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To Team or Not to Team? That Is the Question

To Team or Not to Team? That Is the Question

By Darrin Friedman

For many agents in the real estate industry, there comes a time when they must answer one fundamental question: does teaming with one or more other agents benefit me, or should I remain in business by myself as a solo agent?

Historically, the question of forming a team has usually come later in the evolution of one's real estate business, when an agent has achieved a certain level of competence and productivity. The agent may become inundated with more business than she can reasonably handle alone, or perhaps he may begin to feel that sharing the responsibilities of client service and other business matters with a complementary player would help him achieve even greater success.

Though this is still often the case, recently the industry has also seen a new trend in which less experienced agents are joining together in hopes that they can do better and grow faster with each others' help.

Regardless of whether you are a veteran or a newer agent, here are some important points to consider before you enter into any kind of team or partner arrangement:


1. A partnership is just like a marriage -- You and your new partner will be "married" in a business sense, and you can't take that lightly. Just as you would before choosing a spouse, before you partner with someone, you must consider many factors and ask yourself the really important questions: Does this person believe in doing business the same way I do? Do we share similar philosophies and values? Is this the kind of person I can trust with my very livelihood? Do our strengths and weaknesses complement each other well? You will be spending a LOT of time with this person, and your financial futures depend on each of you doing your designated jobs well. If you can't trust your partner completely -- if you have even a moment of hesitation -- then this is not the right person with whom to join forces.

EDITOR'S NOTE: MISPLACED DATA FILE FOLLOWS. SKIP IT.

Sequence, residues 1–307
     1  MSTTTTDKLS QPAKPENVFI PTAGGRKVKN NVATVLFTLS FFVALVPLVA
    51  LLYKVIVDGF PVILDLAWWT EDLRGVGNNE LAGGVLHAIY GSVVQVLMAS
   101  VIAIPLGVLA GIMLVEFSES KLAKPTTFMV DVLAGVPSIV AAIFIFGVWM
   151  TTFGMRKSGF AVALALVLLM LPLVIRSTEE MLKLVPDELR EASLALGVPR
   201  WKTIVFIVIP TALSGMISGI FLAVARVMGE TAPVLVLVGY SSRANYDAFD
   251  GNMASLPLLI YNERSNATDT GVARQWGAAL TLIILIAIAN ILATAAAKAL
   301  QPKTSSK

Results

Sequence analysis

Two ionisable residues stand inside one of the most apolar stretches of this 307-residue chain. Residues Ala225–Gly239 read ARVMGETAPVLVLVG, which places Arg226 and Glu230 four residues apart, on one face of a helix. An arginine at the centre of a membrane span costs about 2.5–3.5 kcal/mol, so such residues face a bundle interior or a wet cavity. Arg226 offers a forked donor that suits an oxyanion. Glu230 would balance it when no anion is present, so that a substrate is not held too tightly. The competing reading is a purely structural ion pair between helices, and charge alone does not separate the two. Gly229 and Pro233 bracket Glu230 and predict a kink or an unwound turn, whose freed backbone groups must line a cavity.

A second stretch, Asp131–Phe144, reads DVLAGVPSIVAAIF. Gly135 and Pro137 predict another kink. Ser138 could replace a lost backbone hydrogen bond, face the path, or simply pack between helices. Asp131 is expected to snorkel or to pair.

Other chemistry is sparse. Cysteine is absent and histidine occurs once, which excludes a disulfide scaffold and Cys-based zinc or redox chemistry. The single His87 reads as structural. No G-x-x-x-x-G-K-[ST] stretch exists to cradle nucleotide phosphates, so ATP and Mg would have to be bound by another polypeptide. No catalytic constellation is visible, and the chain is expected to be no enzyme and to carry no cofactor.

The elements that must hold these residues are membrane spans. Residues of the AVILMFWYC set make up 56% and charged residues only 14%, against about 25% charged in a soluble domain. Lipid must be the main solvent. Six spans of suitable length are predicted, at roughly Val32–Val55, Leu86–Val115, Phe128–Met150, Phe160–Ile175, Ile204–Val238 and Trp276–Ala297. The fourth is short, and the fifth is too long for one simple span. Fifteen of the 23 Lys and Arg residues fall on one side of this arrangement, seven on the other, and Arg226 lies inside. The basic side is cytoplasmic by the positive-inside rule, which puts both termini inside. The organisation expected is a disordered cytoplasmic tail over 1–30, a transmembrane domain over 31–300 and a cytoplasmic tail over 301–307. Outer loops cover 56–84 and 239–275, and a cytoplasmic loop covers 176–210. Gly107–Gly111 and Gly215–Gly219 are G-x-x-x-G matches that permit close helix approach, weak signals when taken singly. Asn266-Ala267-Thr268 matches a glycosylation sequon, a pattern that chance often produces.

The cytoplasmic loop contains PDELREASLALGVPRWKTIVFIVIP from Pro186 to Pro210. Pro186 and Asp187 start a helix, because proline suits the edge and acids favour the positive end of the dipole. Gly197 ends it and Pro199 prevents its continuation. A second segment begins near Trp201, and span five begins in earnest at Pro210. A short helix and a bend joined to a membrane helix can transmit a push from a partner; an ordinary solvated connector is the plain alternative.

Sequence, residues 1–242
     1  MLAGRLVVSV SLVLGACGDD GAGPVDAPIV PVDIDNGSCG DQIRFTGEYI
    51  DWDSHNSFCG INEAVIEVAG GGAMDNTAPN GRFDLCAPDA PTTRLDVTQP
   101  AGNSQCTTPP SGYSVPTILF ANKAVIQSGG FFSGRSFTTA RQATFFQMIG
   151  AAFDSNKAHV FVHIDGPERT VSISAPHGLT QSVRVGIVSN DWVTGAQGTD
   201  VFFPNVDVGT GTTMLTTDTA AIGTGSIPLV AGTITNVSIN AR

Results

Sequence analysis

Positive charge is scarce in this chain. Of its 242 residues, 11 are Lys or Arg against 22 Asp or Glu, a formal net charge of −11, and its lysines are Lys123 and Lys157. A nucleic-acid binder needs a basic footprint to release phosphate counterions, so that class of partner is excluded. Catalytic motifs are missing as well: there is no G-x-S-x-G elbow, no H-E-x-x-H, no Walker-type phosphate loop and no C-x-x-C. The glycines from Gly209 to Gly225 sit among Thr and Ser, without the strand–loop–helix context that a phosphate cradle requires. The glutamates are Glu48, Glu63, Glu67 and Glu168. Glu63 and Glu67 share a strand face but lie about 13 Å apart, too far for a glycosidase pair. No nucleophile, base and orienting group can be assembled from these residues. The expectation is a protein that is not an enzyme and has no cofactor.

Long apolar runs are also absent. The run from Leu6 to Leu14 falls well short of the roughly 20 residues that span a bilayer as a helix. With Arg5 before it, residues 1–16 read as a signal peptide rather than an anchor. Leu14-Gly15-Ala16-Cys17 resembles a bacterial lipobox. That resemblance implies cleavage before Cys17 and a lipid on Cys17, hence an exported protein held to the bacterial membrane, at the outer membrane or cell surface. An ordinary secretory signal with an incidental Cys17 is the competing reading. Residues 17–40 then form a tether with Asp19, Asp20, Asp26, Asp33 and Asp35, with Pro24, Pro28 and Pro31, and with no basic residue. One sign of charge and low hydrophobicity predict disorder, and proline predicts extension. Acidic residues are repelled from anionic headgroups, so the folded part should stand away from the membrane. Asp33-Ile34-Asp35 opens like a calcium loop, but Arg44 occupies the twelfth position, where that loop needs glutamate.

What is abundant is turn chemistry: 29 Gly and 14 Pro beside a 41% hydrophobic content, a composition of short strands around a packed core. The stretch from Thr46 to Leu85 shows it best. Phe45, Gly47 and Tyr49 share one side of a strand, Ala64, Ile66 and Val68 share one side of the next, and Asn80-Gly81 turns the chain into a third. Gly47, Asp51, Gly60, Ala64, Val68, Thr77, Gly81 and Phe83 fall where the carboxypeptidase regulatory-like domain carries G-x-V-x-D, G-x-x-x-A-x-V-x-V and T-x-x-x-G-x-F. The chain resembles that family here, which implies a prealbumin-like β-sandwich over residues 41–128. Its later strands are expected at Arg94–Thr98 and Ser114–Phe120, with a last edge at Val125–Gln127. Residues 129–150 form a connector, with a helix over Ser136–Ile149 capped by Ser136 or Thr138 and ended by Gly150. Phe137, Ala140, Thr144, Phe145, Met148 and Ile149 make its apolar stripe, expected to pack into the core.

2. A team is more than just a slogan; it's a business model -- Choosing to go into business with another person requires a thorough business strategy. After all, it's a business model that requires serious planning. If you and your potential partner are considering the team route, get advice from people who have done it. Ask them if they are willing to share their business plan with you, then take it to your business coach and use it as a model. Only then can you confidently go forward, knowing you are choosing the right path and doing so in a way that others have done well before you.


3. Couples therapy is not for wimps -- Every strong team sometimes needs outside help. It is inevitable. When communication breaks down, or ideas clash, or business styles differ, guidance from an impartial third party can be an invaluable way to help you and your partner work together more effectively. Some of the most successful business teams out there work so well together because they arrange regular appointments with a therapist or coach on a monthly or quarterly basis. Make an investment in your new team by hiring an objective professional to teach you how to work better together. Trust me -- you will be happier and healthier in the long run!

Whether you are brand new agents or seasoned veterans, forming a team can be a rewarding experience. Just make sure you do so with your eyes wide open. If you don't, the road can be rocky and unnecessarily unpleasant. The trick is to set yourselves up for success by investing in good planning. Don't be afraid to seek advice, guidance, and yes, even therapy, and you will do just fine.